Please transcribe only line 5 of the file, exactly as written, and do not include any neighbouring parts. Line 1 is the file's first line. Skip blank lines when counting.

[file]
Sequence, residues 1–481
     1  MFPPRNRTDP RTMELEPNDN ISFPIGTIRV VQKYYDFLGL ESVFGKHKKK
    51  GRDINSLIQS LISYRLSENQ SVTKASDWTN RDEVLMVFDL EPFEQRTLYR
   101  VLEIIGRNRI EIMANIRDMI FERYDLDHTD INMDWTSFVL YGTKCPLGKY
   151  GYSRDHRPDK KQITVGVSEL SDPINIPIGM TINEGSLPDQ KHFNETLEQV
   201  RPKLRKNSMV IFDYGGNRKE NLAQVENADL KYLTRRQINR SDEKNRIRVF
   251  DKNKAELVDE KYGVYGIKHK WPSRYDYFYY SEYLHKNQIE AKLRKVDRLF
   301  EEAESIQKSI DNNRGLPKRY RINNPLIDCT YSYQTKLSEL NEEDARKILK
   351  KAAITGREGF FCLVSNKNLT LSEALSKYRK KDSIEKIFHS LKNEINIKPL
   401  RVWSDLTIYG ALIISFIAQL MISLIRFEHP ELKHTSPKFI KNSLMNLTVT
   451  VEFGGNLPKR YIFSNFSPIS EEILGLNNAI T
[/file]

   151  GYSRDHRPDK KQITVGVSEL SDPINIPIGM TINEGSLPDQ KHFNETLEQV